Why the “No Fly Zone” really doesn’t fly


Megan Cox

The new bathroom rule began at the start of second semester.

Hala Habahbeh, Reporter

After a rocky first semester back from over a year of online school, Palatine High School administration begins implementing a variety of new policies. One of these being the “No Fly Zone.”

The “No Fly Zone” is a policy that prohibits students from leaving their classrooms during the first and last ten minutes of the period in order to clear the hallways. This is in addition to the tardy policy that was previously initiated to limit tardiness. 

“Kids are feeling like they’re being treated like animals [and] being put in cages. Now, kids can’t use the bathroom when they have to,” junior Nicole Canfield said. 

While this seems like a student-focused issue, teachers feel similarly.

Out of 56 teachers surveyed, roughly 54% of teachers preferred that a student use the bathroom during the beginning or end of class to avoid disruption. Only 14% of teachers agreed during the middle of class. The remaining 32% were ranging from “whenever they need to go” or passing periods. 

Teachers expect students to come to class prepared to learn and many students come to class for that very reason. However, confining students to such a fixed amount of time to meet their needs when less than a year ago they had complete freedom, creates a disconnect.

The motivation behind implementation for administrators is well thought out, but not executed properly.

“How can we help our teachers, other staff, and student supervisors limit [negative] interactions and [negative] behaviors out in the hallways and get kids in class, because we know that is the best place for everyone to be,” assistant principal Anthony Volgi said.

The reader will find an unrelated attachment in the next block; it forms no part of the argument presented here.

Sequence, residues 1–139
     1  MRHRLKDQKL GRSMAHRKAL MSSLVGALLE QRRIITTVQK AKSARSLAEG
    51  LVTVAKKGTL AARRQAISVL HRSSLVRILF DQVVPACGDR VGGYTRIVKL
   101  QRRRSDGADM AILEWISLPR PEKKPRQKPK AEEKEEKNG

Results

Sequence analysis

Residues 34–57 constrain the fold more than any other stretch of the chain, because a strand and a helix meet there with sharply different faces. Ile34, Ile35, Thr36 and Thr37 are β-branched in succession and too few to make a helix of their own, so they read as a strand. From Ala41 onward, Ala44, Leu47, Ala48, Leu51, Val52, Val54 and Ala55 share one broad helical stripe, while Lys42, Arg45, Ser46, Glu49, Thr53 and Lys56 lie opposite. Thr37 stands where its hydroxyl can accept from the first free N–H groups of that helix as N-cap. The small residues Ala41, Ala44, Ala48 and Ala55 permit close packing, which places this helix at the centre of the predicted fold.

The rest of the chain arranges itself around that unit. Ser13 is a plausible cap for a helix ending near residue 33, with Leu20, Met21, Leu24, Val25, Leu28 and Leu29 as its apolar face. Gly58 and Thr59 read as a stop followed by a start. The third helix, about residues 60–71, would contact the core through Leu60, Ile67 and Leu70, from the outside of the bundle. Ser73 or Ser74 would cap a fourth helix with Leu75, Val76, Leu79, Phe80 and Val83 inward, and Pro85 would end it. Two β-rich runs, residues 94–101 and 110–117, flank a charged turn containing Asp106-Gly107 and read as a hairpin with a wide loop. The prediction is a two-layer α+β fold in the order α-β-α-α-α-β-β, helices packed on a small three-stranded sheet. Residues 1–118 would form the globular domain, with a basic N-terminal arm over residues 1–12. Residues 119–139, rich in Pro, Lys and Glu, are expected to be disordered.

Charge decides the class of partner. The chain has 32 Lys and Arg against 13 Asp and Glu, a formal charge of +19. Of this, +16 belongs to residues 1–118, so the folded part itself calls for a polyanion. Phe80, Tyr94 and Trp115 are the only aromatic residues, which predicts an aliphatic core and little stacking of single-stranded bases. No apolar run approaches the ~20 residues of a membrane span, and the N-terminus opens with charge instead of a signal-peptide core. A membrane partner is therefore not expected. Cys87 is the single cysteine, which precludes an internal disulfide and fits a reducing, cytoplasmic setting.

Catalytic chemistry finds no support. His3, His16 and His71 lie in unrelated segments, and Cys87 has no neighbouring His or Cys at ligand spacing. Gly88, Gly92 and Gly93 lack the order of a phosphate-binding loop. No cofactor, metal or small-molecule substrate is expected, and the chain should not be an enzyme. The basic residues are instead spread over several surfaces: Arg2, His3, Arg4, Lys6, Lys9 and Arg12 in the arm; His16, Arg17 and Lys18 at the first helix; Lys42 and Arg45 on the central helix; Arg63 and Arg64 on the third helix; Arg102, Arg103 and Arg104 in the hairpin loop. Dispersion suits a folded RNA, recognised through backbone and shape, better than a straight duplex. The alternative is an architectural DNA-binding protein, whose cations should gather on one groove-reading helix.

However, students still feel they aren’t being represented when it comes to the creation of these policies.

Students understand the intentions of administration and don’t negate them. “I don’t think they’re actively trying to harm the students,” junior Ishika Mishra said, “but because they don’t have student opinion…. they don’t have the best tools to make those decisions.”

There are varying perspectives on the value of student input. While the administration considers students’ best interests and collaborates with teachers during the creation of these policies, there is no direct collaboration between the administration and students.

Student voice needs to be heard in the decision-making process of policies directly affecting them. 

The “No Fly Zone” and the many other policies created may be to restore the environment a school should foster. It is without a doubt that students need extra support transitioning back to in-person learning. Yet, students and their voices continue to be overlooked rather than valued. 

As PHS works to restore in-person learning, the administration must work to give students a voice in the creation of new policies.